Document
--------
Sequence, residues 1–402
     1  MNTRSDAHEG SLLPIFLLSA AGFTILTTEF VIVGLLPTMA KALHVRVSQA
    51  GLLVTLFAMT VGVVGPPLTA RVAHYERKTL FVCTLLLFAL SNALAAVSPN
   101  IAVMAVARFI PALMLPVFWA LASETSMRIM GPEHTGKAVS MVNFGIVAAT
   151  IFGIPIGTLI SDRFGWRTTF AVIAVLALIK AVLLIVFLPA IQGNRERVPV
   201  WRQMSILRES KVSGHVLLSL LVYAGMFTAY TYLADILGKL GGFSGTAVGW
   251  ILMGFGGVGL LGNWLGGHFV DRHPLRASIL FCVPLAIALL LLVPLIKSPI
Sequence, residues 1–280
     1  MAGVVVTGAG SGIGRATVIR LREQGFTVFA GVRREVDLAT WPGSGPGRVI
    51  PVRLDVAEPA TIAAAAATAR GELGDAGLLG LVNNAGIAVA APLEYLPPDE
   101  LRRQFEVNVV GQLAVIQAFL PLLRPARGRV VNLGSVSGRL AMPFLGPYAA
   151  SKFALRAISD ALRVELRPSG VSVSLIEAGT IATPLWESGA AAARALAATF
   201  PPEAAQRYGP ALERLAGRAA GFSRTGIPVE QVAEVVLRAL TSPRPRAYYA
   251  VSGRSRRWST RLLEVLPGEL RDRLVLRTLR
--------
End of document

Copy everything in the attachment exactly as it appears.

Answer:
Sequence, residues 1–402
     1  MNTRSDAHEG SLLPIFLLSA AGFTILTTEF VIVGLLPTMA KALHVRVSQA
    51  GLLVTLFAMT VGVVGPPLTA RVAHYERKTL FVCTLLLFAL SNALAAVSPN
   101  IAVMAVARFI PALMLPVFWA LASETSMRIM GPEHTGKAVS MVNFGIVAAT
   151  IFGIPIGTLI SDRFGWRTTF AVIAVLALIK AVLLIVFLPA IQGNRERVPV
   201  WRQMSILRES KVSGHVLLSL LVYAGMFTAY TYLADILGKL GGFSGTAVGW
   251  ILMGFGGVGL LGNWLGGHFV DRHPLRASIL FCVPLAIALL LLVPLIKSPI
Sequence, residues 1–280
     1  MAGVVVTGAG SGIGRATVIR LREQGFTVFA GVRREVDLAT WPGSGPGRVI
    51  PVRLDVAEPA TIAAAAATAR GELGDAGLLG LVNNAGIAVA APLEYLPPDE
   101  LRRQFEVNVV GQLAVIQAFL PLLRPARGRV VNLGSVSGRL AMPFLGPYAA
   151  SKFALRAISD ALRVELRPSG VSVSLIEAGT IATPLWESGA AAARALAATF
   201  PPEAAQRYGP ALERLAGRAA GFSRTGIPVE QVAEVVLRAL TSPRPRAYYA
   251  VSGRSRRWST RLLEVLPGEL RDRLVLRTLR